Here are some of the latest health and medical news developments, compiled by the editors of HealthDay:
Florida Teen Makes Rare Recovery From Brain-Eating Amoeba Infection
A Florida teen is recovering after becoming only the fourth person in the last 50 years to survive infection with the brain-eating amoeba Naegleria fowleri, which is fatal in 97 percent of cases.
Sebastian DeLeon, 16, arrived at Florida Children's Hospital in Orlando with a severe headache on Aug. 7. Doctors believe he was exposed to the amoeba at a freshwater lake a few days earlier, ABC News reported.
Tests of DeLeon's spinal fluid revealed signs of N. fowleri. He was admitted to the hospital 30 hours after first developing a headache. Doctors lowered his body temperature, induced a coma, and gave DeLeon the drug miltefosine, which has shown some promise in killing the amoeba.
After being kept in a coma for a few days, DeLeon was awakened by doctors and had his breathing tube removed. Within a few hours, he was speaking, according to Dr. Humberto Liriano, who treated DeLeon, ABC News reported.
N. fowleri occurs naturally in freshwater ponds and lakes. It can travel up the nasal passage to the brain.
Congress Questioning EpiPen Price Hike
Members of Congress want the maker of EpiPens to explain why the price of the lifesaving product has risen 400 percent since 2007 and now costs as much as $600.
An EpiPen delivers a potentially life-saving injection of medicine into people suffering a severe allergic reaction.
In a letter to the pharmaceutical company Mylan, Senator Charles Grassley, the Iowa Republican who heads the Judiciary Committee, demanded to know the reasons for the huge price hike, The New York Times reported.
"Access to epinephrine can mean the difference between life and death, especially for children," wrote Grassley, who also noted that many children who need EpiPens are enrolled in government health care programs.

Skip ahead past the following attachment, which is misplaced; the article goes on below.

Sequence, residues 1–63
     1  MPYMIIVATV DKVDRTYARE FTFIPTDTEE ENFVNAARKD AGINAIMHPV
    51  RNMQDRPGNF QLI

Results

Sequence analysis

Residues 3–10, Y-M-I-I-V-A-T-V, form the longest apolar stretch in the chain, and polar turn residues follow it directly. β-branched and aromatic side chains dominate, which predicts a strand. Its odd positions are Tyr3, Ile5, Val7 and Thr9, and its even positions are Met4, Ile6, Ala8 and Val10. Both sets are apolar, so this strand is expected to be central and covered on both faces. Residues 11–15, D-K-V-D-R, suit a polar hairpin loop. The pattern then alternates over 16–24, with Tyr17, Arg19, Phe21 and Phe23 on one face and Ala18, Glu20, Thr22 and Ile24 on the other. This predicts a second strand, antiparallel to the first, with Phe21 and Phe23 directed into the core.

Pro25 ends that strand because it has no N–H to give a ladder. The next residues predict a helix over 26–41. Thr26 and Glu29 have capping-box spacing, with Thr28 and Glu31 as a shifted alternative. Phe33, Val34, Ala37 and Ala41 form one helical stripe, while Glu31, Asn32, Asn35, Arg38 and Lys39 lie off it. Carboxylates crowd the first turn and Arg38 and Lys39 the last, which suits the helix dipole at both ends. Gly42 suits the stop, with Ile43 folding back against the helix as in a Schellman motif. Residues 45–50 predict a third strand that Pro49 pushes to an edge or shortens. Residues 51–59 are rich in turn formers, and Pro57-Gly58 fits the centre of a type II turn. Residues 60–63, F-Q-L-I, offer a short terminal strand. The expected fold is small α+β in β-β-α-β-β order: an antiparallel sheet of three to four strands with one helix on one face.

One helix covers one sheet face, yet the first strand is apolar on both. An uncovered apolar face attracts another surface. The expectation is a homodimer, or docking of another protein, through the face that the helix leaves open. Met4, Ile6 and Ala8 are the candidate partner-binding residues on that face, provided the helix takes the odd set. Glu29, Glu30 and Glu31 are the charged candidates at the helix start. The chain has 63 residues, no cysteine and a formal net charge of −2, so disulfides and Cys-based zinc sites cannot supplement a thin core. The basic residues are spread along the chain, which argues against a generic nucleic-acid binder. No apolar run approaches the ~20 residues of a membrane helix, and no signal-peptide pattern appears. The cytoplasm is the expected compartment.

"It follows that many of the children who are prescribed EpiPens are covered by Medicaid, and therefore, the taxpayers are picking up the tab for this medication," he wrote.
Previously, Senator Amy Klobuchar, Democrat of Minnesota, called for a Judiciary Committee inquiry into the EpiPen price increase and an investigation by the Federal Trade Commission, The Times reported.
"Many Americans, including my own daughter, rely on this lifesaving product to treat severe allergic reactions," she wrote to the head of the commission.
Mylan has said product improvements have boosted EpiPen costs, that the devices are often covered by insurance, and that the company provides discounts, The Times reported.
Jimmy Carter Thought He Had Just Weeks to Live After Cancer Diagnosis
After being diagnosed with advanced skin cancer, former U.S. President Jimmy Carter thought he had just a few weeks to live.
At Monday's opening of an annual Habitat for Humanity work project he and his wife Rosalynn sponsor, Carter said he put on a "a false, optimistic face" for months after he received the cancer diagnosis a little over a year ago, NBC News reported.
He was told he had melanoma skin cancer that had spread to his brain.
At the event in Memphis, Tenn, the 92-year-old Carter said he feels "pretty certain about my cure" but added that doctors are still "keeping an eye on me," NBC News reported.
Carter was treated with a new drug called Keytruda and announced late last year that scans showed he was free of cancer.
New Process Turns Mice Transparent, Reveals Nervous System
A process that turns an entire mouse transparent while illuminating the nerve paths through its body could one day be used to map the human brain and to study brain disorders such as Alzheimer's disease and schizophrenia, according to researchers.
The uDisco process means scientists can study an animal's nervous system without having to slice into organs or tissues. Instead, they can use a microscope to trace neurons from the brain and spinal cord all the way to fingers and toes, The New York Times reported.
The technique, which has been used only in mice and rats, is described in a paper published Monday in the journal Nature Methods.
"When I saw images on the microscope that my students were obtaining, I was like 'Wow, this is mind blowing,'" said Ali Erturk, an author of the paper and a neuroscientist from the Ludwig Maximilians University, Munich, Germany, The Times reported.
"We can map the neural connectivity in the whole mouse in 3D," Erturk added.